From: plantnut <firstname.lastname@example.org>
To: Multiple recipients of list AROID-L <email@example.com>
Date: Tuesday, July 11, 2000 10:28 PM
Subject: Re: Xanthosoma lindenii
>My two cents worth.... Xanthosoma lindenii... is not really a Xanthosoma.
Dr. M. Madison put it into Caladium years ago. This might help you with
the culture. Treat it as a Caladium.
'Caladium' lindenii is based on the pollen being shed in monads vs. being
shed in tetrads as in Xanthosoma, and is the present basis for this somewhat
enigmatic Aroid being placed into the genus Caladium, as against it being
assigned to Xanthosoma or some other genus of Aroid. It does not form a
tuber, instead it forms a somewhat woody, thin rhizome with a hard, rough
'bark'-like outer covering, quite different to any species of Caladium OR
Xanthosoma I have so far come across! In this feature it reminds me of the
growth habit of Homalomena picturatum! This lack of a tuber or fleshy
rhizome prevents me from treating it (or even thinking of it!) like any of
my more 'regular' Caladiums! I confess that I can`t get the thing to do
ANYTHING for me!
Perhaps in time a change may be made in it`s genitic assignment, but for
now it will remain assigned to the genus Caladium, but what an odd-ball
>From: Plantsman <firstname.lastname@example.org>
>To: Multiple recipients of list AROID-L <email@example.com>
>Date: Monday, July 10, 2000 11:40 PM
>Subject: Xanthosoma lindenii
>It grows in nature as an understory plant in tropical jungle, so IDEAL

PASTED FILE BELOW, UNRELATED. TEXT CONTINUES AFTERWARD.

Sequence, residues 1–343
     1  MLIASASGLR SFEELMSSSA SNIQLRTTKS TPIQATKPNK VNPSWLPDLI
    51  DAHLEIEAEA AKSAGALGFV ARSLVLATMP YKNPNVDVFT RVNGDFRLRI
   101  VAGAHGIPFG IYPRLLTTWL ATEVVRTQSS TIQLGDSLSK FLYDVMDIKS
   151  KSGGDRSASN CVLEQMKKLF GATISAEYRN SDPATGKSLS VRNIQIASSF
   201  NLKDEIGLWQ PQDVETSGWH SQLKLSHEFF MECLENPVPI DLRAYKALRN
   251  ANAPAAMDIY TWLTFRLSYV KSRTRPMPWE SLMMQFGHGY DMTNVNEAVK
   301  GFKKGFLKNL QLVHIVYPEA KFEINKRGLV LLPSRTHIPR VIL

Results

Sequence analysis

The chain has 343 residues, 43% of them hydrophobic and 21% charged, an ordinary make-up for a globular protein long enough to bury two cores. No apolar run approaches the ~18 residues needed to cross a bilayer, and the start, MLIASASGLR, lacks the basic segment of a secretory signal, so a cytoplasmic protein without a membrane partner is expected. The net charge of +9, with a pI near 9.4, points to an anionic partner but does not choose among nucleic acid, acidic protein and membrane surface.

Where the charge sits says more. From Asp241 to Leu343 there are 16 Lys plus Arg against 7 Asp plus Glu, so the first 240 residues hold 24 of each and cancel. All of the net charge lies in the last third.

>conditions might be air as close to 100% humidity as possible (mist), keep
>soil well-drained but moist, temps in the high 80`s, highish (low 80`s)
>at night also, and bright light/no sun! Circ. of air with a fan would be
>good also. I heard stories of a grower using a contraption of a mist/wall
>of circ. water that cooled and humidified his g/house that grew these to a
>giant size, he amazed people when he exibited them at the Aroid show in
>Miami (before my time!).
><I picked one of these up in a 3 gallon size container at my
>neighborhood K-Mart of all places and it was a really large
>robust plant and was marked as "Tropical Foliage". It must have
>at least a half-dozen individual shoots with very nice healthy
>leaves. I was just about in shock when I saw it sitting there
>(they had two of them). My first question is if anyone has any
>cultural hints for this attractive plant here in northeast TN
>where it's been in the 90Š's F for awhile. The second one is
>when I receive this list, it appears that conversations have
>taken place between people on the list and even get to see
>picture attachments. I see the note where the letter has an
>attachment but no way to see it. Maybe I'm missing out on
>something in the way that this works.
Your source for Tropical Araceae.
You are invited to visit: